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Job Postings, Applications, and Wages: Evidence from Homebase


As COVID-19 cases decline, vaccination rates rise, and pandemic-related restrictions are relaxed, the American labor market is recovering from the large job losses that occurred in March and April 2020. There has been particular interest in how employment is recovering in retail, hospitality, and food services—the sectors that experienced the largest declines in employment at the start of the pandemic.

We’re working with Homebase data to better understand how workers and firms in these sectors have been responding to the reopening of the economy. Homebase provides timecard, scheduling, and other workforce management services to small and medium-sized businesses, many in the food services and retail sectors.  As part of these services, Homebase provides a hiring tool to their client firms that allows them to post job openings on all the main hiring websites and aggregate applications received across these hiring websites.

These hiring tool data allow us to measure at high-frequency how job posts and applications are evolving at small and medium-sized businesses providing in-person services (see our previous post and paper documenting the characteristics of Homebase clients in general for more information). These businesses are heavily concentrated in sectors like food and drink and retail that have been most impacted by the COVID-19 crisis. Their jobs typically require in-person work, potentially raising concerns about virus exposure risks; offer relatively modest wages, with average offered hourly wages around $12-15; and require little in the way of formal training or credentials.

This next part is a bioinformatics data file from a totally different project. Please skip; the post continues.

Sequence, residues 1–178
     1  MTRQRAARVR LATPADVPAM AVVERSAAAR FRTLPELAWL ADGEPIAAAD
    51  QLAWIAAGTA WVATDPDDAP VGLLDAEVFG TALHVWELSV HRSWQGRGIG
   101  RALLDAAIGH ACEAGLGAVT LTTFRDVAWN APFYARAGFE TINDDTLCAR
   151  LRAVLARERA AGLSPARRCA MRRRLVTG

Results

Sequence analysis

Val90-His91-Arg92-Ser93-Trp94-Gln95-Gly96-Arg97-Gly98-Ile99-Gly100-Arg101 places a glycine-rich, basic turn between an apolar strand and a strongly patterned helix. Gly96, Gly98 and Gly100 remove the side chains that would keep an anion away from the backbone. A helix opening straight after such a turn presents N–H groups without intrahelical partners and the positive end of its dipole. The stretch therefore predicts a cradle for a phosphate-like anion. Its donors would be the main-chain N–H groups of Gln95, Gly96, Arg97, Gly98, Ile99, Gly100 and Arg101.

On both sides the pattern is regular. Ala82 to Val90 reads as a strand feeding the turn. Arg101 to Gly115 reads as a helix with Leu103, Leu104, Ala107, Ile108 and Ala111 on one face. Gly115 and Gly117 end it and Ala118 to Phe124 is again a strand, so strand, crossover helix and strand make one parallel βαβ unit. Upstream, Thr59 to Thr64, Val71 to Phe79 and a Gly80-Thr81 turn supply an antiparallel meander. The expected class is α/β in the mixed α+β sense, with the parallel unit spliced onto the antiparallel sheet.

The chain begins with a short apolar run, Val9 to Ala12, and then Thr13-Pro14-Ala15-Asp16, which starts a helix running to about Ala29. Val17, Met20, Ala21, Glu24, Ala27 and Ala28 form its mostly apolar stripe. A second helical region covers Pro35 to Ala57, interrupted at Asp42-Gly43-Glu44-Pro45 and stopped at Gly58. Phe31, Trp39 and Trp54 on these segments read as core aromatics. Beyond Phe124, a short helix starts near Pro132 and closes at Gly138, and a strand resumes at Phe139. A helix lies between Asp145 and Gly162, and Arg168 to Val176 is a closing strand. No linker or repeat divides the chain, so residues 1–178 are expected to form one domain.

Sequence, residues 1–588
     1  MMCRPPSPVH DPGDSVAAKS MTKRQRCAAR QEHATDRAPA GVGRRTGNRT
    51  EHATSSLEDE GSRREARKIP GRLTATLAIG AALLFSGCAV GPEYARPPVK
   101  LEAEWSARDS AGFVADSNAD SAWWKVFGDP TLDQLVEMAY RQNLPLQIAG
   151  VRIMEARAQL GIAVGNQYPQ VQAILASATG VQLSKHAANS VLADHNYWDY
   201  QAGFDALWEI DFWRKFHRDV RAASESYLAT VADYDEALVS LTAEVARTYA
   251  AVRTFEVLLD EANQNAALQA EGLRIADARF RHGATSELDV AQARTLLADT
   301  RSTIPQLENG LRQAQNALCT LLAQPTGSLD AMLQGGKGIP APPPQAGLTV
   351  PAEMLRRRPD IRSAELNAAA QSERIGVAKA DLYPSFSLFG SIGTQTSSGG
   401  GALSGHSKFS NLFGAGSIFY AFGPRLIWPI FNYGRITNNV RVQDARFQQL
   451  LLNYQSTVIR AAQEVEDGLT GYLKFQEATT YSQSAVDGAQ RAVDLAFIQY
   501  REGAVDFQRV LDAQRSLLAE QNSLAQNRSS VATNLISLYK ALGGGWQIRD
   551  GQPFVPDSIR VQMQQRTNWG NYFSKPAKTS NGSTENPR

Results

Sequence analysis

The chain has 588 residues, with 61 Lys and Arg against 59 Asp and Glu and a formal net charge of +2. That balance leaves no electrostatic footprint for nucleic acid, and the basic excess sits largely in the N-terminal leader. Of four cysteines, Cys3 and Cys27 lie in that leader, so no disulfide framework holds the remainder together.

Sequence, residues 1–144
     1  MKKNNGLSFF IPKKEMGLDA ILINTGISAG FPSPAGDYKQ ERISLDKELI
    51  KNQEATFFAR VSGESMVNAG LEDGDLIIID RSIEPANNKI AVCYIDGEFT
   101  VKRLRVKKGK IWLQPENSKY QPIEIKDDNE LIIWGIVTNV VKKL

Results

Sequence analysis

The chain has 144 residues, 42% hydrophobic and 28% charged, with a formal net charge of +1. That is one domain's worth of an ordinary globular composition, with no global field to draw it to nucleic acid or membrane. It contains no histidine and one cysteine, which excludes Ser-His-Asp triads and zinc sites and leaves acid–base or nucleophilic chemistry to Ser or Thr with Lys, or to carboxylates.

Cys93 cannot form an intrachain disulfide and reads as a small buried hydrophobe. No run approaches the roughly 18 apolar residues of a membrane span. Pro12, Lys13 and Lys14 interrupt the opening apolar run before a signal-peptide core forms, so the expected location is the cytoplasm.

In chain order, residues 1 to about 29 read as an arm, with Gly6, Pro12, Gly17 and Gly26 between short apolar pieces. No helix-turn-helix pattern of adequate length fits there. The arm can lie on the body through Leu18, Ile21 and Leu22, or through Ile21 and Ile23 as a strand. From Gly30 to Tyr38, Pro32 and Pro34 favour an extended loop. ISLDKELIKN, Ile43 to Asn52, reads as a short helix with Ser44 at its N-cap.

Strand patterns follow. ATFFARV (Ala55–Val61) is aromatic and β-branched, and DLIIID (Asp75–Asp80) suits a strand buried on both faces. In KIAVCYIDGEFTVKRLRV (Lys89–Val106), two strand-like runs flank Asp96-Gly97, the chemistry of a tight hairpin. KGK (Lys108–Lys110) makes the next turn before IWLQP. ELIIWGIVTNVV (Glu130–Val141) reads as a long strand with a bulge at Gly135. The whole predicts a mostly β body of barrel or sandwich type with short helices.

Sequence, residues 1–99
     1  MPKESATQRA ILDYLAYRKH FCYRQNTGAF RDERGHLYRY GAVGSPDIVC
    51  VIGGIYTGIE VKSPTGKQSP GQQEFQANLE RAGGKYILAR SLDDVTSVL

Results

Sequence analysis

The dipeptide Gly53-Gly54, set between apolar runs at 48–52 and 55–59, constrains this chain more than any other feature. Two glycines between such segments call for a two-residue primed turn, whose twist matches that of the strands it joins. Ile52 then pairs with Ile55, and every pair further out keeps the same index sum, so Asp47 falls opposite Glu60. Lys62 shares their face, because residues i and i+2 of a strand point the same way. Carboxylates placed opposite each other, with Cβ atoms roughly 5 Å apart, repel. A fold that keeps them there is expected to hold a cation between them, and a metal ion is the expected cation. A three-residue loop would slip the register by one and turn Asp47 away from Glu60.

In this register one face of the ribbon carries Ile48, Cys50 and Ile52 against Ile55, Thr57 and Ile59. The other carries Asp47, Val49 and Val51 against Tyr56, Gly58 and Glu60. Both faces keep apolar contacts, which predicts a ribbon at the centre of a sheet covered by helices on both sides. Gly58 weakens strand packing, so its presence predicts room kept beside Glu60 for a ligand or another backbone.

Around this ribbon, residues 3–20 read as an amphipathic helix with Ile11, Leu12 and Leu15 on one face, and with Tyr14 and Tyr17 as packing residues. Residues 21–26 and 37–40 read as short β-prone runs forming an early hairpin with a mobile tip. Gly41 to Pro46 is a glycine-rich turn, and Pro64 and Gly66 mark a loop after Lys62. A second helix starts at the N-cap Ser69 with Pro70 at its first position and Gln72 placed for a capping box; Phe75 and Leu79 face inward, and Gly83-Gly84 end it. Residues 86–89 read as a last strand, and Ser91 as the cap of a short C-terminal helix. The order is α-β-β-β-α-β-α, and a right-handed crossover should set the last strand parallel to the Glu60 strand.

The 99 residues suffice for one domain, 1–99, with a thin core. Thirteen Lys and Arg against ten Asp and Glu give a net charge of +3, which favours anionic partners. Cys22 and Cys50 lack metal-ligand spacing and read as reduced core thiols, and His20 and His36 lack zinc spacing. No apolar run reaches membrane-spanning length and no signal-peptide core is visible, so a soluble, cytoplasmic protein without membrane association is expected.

This work has been supported, in part, by the University of California Multicampus Research Programs and Initiatives grants MRP-19-600774 and M21PR3278.

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